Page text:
Android won't run anything from the app as soon as you install it. An app can only set alarms, register broadcast receivers, etc. after the first time you run it manually, for example by:
- launching one of its activities from the launcher
- clicking Open in the Play Store app
- creating a home screen or lock screen widget provided by this app
- starting it from another app (via a Share action or the like)
This isn't a complete list, but it should be pretty obvious what actions start the app. If you haven't started the app, it can't have run yet, unless the author is able to exploit a bug in Android that no one else knows about.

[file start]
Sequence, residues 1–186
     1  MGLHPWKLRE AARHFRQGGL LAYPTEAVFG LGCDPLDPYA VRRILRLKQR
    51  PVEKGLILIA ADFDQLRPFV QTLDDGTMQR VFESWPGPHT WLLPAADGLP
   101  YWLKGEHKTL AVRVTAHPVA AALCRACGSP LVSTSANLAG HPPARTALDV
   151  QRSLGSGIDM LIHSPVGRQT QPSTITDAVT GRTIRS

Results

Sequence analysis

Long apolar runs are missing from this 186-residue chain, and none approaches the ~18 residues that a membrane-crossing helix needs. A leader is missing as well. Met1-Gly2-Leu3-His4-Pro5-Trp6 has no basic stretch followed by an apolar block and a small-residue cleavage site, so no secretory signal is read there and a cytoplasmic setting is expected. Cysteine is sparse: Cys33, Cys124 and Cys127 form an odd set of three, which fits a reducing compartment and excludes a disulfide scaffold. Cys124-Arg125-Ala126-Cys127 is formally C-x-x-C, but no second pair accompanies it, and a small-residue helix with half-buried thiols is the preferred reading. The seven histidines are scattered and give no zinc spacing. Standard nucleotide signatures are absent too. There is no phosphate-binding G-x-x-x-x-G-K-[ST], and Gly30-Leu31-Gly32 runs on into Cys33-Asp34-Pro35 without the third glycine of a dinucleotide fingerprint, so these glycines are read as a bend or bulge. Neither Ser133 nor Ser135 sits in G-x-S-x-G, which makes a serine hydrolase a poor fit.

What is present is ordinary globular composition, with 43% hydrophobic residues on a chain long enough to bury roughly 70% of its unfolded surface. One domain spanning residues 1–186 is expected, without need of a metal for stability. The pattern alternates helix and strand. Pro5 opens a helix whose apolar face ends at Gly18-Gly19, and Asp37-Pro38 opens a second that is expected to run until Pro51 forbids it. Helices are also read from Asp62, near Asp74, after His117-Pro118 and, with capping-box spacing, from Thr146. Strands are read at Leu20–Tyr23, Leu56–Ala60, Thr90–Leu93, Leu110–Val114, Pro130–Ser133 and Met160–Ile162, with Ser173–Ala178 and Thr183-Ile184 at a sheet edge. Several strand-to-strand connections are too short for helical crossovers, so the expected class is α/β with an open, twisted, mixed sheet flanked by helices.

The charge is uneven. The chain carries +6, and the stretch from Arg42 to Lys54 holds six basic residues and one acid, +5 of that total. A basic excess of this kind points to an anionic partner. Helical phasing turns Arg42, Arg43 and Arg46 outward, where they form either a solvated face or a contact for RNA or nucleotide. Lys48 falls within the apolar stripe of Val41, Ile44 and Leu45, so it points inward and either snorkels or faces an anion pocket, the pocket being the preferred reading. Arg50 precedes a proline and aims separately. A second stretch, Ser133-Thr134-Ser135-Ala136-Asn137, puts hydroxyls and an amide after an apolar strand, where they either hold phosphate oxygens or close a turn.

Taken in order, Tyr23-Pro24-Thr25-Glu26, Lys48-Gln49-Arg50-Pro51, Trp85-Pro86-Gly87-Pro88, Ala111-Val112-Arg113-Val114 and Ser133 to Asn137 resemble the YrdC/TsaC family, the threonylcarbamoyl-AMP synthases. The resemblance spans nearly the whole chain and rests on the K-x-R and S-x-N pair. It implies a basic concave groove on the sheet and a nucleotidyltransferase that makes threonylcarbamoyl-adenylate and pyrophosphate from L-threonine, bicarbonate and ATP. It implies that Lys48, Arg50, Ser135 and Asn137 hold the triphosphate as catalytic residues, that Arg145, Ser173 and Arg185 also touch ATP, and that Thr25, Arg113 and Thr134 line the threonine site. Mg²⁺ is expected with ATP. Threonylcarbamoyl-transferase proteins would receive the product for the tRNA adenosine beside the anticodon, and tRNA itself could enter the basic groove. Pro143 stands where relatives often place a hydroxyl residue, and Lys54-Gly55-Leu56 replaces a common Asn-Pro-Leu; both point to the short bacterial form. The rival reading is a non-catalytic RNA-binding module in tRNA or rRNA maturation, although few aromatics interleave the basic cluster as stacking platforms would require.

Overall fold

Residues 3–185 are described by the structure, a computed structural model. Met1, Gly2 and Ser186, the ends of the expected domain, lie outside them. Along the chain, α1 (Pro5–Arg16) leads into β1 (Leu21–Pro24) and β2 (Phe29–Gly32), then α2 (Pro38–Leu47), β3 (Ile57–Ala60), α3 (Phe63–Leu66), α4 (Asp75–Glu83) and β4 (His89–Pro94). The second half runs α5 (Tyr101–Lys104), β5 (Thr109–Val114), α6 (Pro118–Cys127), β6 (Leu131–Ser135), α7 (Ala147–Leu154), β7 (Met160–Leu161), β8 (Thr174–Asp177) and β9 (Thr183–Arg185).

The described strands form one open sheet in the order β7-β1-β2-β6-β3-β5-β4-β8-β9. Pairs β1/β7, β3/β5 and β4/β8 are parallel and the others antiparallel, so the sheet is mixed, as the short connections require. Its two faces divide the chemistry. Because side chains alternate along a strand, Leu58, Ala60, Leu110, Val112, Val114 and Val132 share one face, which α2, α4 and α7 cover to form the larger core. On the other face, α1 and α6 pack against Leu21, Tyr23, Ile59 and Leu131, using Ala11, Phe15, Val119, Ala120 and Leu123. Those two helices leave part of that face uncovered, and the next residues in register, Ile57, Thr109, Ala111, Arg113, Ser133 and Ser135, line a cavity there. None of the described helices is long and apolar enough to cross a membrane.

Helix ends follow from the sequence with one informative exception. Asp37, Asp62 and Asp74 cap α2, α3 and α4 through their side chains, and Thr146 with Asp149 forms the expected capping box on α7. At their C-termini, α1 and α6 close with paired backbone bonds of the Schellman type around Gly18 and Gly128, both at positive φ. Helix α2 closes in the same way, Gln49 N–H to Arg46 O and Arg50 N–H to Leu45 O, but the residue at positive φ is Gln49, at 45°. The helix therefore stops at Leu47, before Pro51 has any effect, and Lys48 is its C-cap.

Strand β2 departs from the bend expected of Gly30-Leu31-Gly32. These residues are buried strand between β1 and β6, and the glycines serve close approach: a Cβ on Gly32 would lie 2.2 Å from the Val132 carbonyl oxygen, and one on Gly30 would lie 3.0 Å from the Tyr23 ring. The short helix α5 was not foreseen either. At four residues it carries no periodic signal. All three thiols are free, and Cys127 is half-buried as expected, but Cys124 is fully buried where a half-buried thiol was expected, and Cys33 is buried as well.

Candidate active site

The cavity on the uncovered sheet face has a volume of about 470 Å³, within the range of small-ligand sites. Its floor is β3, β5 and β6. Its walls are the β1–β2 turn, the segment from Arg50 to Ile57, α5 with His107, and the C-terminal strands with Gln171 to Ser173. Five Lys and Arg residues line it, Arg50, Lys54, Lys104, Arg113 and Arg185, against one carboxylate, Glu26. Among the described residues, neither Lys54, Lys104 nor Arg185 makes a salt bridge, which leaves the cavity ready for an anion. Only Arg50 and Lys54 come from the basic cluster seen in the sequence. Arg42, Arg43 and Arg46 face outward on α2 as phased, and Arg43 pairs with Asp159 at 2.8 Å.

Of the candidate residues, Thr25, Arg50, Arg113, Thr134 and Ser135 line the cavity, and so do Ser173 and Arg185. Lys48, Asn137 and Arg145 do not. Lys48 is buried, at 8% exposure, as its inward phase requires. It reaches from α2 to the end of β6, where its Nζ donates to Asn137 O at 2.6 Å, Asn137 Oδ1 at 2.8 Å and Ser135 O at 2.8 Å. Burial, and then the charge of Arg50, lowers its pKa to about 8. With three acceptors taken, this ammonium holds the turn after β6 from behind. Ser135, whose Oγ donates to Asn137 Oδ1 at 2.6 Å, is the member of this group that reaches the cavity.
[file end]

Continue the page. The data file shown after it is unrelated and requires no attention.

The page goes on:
This is very different to the situation on desktop OSes. In Windows and most GNU/Linux package managers, installing an application consists of running code provided by the app author. In contrast, Android is designed to limit what apps can do. Android itself installs the package by reading its manifest, which tells Android the name of the package and what components it contains. Android unpacks the app's files to its own private directory in internal storage, without running any code provided by the app. If the app wants to do any further setup (such as performing an anti-piracy check, or getting you to sign into a server), it can only do this when you first run the app.